|July 30, 2001|
03 00050 61 01073001
<! address> Mr. Stuart Harrow
Manufacturing & Production Field Service Representative
Contract Operations Field Support Mid-Atlantic
Defense Contract Management Agency
605 Stewart Avenue
Garden City, NY 11530
|Subject:||SDS Enables Good Management|
Thanks very much for your letter confirming follow up actions from our call this morning. The more we write, the better we understand what we don't know, and are alerted to investigate. So your letter today makes progress possible. Our goal should be to engage a widening circle of people to think along with us, through writing, about how to improve the work. We need to both talk and then write about our ideas.
Not sure I follow your idea about contacting DSMC.
ISO and PMBOK both have adequate guidance for daily management, as we discussed today.
SDS is a technology for implementing good management, as called out in any standard DCMA uses, including FAR, other regulations and statutes. For example, PMBOK and ISO management guidance require traceability to original sources, also, called an "audit trail". Undoubtedly, FAR, other regulations and DCMA policy and procedure expressly call for similar practices.
You have observed through direct experience the past few months that SDS enables traceability to original sources, summarized in POIMS as the practice of "alignment," which is one element of SDS "intelligence" explained in POIMS under Knowledge Space.
Unless you hire a bunch of auditors, as NASA and JPL are reported to have done, at least for awhile, following the crash of the Columbia Space Shuttle in 1986 (see report on October 21, 1992), then SDS is the only cost effective way to accomplish this requirement, because 1 person with SDS can do as much as 10 - 100 people using traditional methods. Based on our telecon this morning, the challenge is not to improve management training at DSMC, but to enable contracting officers, managers and commanders to carry out good management practices already what is being taught by DSMC.
You point out that people view SDS as a "whole new way of working," and that we need a bridge to help people understand and transition from current practice to working with SDS. I agree, but caution that the main thing that is "new" is implementing what is already being taught at DSMC, and what is called out by accepted standards and required by regulations. See for example the meeting at Intel on June 3, 1997, discussing SDS makes possible what everybody already knows they should be doing.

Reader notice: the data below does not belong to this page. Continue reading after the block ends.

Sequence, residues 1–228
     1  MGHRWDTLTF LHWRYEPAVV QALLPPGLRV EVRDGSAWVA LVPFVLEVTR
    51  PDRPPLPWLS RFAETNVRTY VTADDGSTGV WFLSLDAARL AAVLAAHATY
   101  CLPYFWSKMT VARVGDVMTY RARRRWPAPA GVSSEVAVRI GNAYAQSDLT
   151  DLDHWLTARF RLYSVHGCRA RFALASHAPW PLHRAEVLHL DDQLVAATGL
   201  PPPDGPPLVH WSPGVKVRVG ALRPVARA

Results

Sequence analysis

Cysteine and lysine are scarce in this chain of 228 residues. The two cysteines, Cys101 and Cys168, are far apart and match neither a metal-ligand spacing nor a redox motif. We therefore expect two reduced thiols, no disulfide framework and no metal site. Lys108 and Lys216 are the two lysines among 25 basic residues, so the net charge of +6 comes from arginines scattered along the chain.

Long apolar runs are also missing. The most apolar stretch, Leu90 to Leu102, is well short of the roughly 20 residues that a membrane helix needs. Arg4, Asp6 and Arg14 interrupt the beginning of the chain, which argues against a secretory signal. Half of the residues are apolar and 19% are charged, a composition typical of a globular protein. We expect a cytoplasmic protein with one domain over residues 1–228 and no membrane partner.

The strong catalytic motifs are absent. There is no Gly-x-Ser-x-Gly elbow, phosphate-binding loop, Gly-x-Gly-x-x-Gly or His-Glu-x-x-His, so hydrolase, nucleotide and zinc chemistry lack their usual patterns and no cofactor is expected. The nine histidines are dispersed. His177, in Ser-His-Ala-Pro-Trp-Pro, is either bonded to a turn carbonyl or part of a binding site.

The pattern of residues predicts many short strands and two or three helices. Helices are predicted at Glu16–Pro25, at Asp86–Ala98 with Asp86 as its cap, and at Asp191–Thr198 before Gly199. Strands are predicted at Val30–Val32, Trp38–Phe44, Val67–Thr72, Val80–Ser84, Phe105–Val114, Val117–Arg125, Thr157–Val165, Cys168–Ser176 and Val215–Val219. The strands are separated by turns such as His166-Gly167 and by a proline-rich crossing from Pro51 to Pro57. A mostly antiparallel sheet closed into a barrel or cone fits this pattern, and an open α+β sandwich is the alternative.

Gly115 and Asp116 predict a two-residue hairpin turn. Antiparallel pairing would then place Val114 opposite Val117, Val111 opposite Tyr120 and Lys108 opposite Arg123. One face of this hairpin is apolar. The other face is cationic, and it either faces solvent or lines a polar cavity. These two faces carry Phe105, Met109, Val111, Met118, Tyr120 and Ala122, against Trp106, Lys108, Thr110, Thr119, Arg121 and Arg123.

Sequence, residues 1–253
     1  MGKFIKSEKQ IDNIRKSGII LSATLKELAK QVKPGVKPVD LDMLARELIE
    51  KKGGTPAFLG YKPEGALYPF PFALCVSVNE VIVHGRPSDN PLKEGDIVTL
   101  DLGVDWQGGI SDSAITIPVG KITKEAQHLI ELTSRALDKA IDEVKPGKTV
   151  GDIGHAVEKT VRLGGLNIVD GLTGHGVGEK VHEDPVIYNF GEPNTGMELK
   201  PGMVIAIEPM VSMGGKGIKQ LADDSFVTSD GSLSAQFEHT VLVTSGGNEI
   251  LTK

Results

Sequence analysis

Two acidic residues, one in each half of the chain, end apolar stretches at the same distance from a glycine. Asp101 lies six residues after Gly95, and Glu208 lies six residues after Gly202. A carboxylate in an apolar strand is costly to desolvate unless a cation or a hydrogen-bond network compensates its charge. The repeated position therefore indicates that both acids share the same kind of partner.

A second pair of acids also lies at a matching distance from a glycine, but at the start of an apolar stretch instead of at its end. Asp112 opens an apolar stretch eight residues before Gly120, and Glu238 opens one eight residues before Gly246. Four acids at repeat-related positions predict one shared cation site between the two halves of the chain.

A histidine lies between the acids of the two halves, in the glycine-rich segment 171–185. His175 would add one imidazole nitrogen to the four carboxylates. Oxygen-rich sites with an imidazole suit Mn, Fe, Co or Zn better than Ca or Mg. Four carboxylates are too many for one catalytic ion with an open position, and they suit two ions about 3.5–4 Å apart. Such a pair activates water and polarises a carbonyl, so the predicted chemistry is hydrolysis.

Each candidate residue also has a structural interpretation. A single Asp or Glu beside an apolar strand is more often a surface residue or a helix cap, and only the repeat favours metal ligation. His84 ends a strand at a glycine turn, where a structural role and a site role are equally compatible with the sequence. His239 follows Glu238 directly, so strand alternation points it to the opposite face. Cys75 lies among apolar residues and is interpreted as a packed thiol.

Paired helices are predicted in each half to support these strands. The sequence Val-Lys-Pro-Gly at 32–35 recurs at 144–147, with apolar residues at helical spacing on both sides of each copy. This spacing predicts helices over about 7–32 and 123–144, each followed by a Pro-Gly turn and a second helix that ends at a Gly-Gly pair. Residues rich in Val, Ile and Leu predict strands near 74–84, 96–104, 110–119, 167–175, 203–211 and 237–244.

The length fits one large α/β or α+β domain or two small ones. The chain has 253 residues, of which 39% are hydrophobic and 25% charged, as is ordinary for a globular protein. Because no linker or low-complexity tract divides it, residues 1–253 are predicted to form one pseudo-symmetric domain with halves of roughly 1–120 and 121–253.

A major change SDS provides is using electronics to avoid paper, i.e., it supports the paperless" office, which we discussed this morning. That is why I asked that you not print SDS work product, like this letter and linked material, because in doing so you lose the benefit of implementing the PMBOK requirement for alignment, since the links online are ineffective in printed media. If you want traceability, if you want case studies, if you want root cause analysis, if you want proactive management to identify problems when they are small and don't cost a lot of time and money to fix, if you want integrated management, then SDS can help.
That is why I suggest that FSR, contracting officers and commanders responsible for getting things done are good places to think about providing SDS support.
Let's not call it KM, since you point out that people have lost confidence in that particular phrase at the present time. Focus on the continuing need to implement good management, and that SDS makes this possible, i.e., it is an enabling agent, like a sophisticated "pencil," or a spreadsheet, except it is a spreadsheet for daily management to get things done using good practice.
Some where in DCMA there is pressure to meet time and cost objectives, and there are people who can respond constructively to that pressure. Indeed, everyday there are thousands of meetings on that subject: meeting time and cost objectives. At every such meeting people fall further behind, because the new world order of information overload causes meaning drift that prevents understanding and follow up, and so makes communication the biggest risk in enterprise, where every meeting, every call, every email sows the seeds of error, loss, conflict, crisis and calamity. It turns out that the essence of "understanding," which is essential to follow up effectively, is "traceability to original sources," precisely what is called out in ISO and PMBOK, and precisely what SDS enables. This makes SDS a perfect match for DOD requirements, since no other method can accomplish this objective.
Within this framework, can you suggest guidance on my contacting DSMC, as you suggest?
One idea might be to address in a training class setting the conflict (dilemma) you cite today, that people are afraid of alignment, but since that is the only tool that can improve the work, we have to learn to live with this new power, just as Aristotle and Plato had to learn to live with literacy some years ago.
DSMC might sponsor field tests of SDS to supplement experience reported by USACE.
Is this what you have in mind? I think a submission along these lines could be effective. It would be more effective, if we could garner support among your colleagues, possibly getting a contracting officer involved, and/or a senior commander. What do you think?
<! close> Sincerely,
THE WELCH COMPANY